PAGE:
Written by contributor Amida of Journey Into Unschooling
Recently, my kids wrapped up their science lesson from the previous weeks. They had a little mad science action going on as they mixed different substances to see if there was a reaction, both with specific combinations and ones of their own choosing. I think this particular lesson went a little too long (three sessions) and for the most part was a bit redundant, as far as what they already knew.
One of the moms in our co-op had acquired a complete chemistry curriculum with almost all the materials necessary for a middle-grade class. It included everything from textbook, experiments, lab books, and even teacher resources that told you exactly how to teach the class — all of which seemed very exciting but was, in actuality, a little on the dull side.
Which of course, leads to the question, why was it so dull? They’re sitting around out in the beautiful sunshine (mostly), hanging with their best friends, and learning about what promises to be an engaging, well thought out exploration of chemical reactions. They get to conduct experiments, fill out lab books, and learn state-aligned science standards! What was wrong with these kids?
Obviously, deep down, I knew the answer. The problem wasn’t the kids, nor was it the curriculum. It isn’t even the wonderful mom who volunteered to prepare and teach the lessons every week. The problem was trying to teach these homeschooled children in a conventional school manner.
For my kids, anyway, the tried and true formula of lecture, reading texts, and closely followed procedure just doesn’t seem to work. They don’t learn well that way. What they wanted to do, what their instincts were screaming at them to do, was to break out of procedure and test out their own theories. I don’t blame them.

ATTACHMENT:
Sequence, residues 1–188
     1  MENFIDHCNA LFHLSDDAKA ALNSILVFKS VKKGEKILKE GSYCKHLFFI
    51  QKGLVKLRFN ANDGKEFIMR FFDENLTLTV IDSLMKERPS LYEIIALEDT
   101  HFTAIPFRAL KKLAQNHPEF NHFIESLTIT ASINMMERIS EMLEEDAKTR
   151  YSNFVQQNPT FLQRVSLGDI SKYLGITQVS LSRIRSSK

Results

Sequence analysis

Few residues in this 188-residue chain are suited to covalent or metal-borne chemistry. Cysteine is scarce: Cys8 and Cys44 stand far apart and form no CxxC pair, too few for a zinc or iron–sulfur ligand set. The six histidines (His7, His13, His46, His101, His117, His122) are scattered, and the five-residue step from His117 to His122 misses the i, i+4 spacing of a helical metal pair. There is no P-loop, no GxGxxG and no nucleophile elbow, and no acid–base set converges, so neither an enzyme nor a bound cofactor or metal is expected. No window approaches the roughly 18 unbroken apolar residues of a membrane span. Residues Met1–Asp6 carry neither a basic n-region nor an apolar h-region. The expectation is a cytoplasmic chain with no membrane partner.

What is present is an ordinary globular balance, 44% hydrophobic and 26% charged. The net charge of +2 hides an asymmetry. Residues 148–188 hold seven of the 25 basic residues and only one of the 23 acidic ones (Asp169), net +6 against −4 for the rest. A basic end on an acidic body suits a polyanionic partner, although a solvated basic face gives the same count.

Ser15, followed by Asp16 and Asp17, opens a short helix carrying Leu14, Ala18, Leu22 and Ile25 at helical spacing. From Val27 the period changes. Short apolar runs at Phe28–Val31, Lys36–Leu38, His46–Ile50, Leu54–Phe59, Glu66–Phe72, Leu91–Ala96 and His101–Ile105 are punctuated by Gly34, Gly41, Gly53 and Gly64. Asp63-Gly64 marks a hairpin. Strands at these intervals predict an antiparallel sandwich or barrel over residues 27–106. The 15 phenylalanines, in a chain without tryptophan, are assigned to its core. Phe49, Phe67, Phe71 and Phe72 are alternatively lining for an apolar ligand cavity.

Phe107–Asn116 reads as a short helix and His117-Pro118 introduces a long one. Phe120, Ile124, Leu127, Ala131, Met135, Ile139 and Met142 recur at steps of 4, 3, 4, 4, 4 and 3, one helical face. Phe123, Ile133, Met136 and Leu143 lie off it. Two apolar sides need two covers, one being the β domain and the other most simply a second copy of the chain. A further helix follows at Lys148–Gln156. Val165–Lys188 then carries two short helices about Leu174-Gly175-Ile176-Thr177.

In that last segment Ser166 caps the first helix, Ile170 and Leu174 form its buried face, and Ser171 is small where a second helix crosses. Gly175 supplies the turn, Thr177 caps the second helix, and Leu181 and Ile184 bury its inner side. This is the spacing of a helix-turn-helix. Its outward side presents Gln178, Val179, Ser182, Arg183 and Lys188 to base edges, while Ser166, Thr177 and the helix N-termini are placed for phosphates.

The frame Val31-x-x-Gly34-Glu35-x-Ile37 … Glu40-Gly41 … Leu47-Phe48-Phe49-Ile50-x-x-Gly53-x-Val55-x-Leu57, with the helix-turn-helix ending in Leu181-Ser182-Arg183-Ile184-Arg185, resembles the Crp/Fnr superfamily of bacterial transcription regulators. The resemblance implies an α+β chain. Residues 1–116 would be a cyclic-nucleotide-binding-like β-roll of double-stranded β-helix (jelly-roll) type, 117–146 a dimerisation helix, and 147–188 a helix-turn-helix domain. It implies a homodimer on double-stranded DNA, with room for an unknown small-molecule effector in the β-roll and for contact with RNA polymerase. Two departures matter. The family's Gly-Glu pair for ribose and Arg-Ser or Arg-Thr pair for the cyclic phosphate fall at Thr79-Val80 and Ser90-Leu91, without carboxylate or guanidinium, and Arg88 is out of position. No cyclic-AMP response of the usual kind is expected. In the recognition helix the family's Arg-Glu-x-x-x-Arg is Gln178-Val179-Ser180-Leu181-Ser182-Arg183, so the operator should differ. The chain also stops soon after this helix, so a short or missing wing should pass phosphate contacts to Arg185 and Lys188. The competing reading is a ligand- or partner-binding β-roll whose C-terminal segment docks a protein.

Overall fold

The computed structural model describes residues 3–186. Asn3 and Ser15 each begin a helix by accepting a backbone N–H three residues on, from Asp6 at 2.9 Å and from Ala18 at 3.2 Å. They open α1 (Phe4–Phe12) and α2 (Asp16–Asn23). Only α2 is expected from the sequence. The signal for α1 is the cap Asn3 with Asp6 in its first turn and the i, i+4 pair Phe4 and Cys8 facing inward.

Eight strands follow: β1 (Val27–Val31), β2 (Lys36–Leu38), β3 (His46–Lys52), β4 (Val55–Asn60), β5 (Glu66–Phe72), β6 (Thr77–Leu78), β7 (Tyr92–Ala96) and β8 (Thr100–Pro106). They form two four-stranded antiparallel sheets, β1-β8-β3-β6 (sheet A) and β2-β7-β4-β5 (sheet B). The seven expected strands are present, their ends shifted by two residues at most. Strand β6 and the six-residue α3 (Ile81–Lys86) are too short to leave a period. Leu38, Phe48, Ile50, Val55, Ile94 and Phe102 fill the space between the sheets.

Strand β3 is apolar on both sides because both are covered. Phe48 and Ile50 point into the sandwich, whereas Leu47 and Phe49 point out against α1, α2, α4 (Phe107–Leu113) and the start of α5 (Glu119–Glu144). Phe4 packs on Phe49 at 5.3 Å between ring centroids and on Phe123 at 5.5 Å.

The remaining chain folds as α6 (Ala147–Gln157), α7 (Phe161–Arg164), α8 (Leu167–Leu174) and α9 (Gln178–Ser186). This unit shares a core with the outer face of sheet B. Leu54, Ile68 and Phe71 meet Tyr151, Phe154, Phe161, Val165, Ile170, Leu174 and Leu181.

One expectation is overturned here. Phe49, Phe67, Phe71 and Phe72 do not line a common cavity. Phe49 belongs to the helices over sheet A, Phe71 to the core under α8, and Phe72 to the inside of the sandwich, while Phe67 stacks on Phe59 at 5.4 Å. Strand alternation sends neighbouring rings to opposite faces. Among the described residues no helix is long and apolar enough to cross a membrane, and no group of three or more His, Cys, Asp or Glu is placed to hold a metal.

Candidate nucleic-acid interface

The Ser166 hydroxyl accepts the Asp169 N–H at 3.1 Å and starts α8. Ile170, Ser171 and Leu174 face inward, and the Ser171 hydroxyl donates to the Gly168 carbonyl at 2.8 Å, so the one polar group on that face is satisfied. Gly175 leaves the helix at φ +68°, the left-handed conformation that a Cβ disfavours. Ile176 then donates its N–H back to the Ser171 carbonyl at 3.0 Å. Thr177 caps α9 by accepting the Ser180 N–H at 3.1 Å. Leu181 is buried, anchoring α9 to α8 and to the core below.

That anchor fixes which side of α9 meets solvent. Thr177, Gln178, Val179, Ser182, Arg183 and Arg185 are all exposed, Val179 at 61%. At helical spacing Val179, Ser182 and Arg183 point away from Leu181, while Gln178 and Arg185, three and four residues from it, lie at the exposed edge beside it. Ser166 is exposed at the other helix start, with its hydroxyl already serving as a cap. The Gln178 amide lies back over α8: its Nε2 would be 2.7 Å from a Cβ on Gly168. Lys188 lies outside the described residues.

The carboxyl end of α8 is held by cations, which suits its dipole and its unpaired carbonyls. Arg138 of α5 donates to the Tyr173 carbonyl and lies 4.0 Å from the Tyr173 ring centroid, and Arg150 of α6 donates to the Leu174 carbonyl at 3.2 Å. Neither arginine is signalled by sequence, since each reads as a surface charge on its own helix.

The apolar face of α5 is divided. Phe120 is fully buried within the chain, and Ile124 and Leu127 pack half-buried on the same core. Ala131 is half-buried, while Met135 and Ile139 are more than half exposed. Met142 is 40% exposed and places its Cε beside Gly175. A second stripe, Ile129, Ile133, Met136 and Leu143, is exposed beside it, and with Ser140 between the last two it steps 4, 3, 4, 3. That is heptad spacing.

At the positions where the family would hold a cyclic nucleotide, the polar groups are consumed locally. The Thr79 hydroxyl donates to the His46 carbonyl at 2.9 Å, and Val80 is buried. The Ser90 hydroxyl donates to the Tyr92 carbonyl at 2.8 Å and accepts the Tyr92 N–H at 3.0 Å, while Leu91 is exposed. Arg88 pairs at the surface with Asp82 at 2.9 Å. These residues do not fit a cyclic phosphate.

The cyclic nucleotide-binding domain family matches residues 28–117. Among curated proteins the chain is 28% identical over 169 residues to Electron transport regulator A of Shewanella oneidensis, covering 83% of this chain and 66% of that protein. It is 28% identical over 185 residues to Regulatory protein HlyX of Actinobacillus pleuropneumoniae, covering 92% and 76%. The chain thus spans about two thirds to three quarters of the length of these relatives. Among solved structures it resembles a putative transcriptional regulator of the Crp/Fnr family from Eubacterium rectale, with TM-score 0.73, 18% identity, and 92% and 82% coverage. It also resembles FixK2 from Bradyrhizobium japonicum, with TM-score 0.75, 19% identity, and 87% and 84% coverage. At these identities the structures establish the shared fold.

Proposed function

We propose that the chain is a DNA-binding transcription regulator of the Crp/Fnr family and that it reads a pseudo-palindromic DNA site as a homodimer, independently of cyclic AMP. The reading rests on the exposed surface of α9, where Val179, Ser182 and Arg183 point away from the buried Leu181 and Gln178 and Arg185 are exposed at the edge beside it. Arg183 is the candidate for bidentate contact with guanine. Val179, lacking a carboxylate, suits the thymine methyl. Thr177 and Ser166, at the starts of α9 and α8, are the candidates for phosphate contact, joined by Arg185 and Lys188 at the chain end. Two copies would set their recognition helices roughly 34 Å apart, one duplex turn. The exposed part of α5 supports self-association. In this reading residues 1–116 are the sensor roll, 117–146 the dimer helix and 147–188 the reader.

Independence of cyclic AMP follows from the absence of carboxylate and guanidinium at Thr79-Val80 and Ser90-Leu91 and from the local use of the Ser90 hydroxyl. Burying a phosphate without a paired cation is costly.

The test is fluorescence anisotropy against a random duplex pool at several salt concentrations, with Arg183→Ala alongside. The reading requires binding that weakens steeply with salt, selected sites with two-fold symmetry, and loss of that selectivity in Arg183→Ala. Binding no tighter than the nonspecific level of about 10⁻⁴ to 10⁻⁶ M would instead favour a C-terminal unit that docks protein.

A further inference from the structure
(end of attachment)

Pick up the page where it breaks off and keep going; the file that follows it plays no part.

Who would want want to spend three weeks going from point A to B, only to find out what he already knew going in? Unfortunately, in that particular setting, there simply wasn’t enough time for everyone’s free exploration. It was time for a change.
Trying something new isn’t always easy. I have to admit, science class was totally convenient — someone else was doing the teaching and we all got to socialize on a weekly basis. What more could a homeschool mom ask for?
Ironically, the lesson that brought up this whole inner debate was on finding the combination of substances that causes a reaction — sometimes, nothing happens. But other times, your mixture bubbles and comes to life. In our case, we never quite found that excitement.
It was a tough call, so I did what any good mother would do — I let the kids decide. After much discussion, they admitted they weren’t really learning anything and class was actually quite boring to them. So much so, in fact, that, even at the expense of not seeing their friends every week, they decided to pull out and seek another way. It was a very mature decision.
Sometimes, even with the best intentions, things just don’t go the way we envision. Although the co-op had worked great for us in previous years (I had raved about it here), this time around, we needed to switch gears.
I am thankful we can evaluate our situation at any given moment and make choices on how we want to proceed. I am confident that through our experimentation, we will find our own winning combination of science and lesson.
How do you decide when to stop what you’ve started in your homeschool?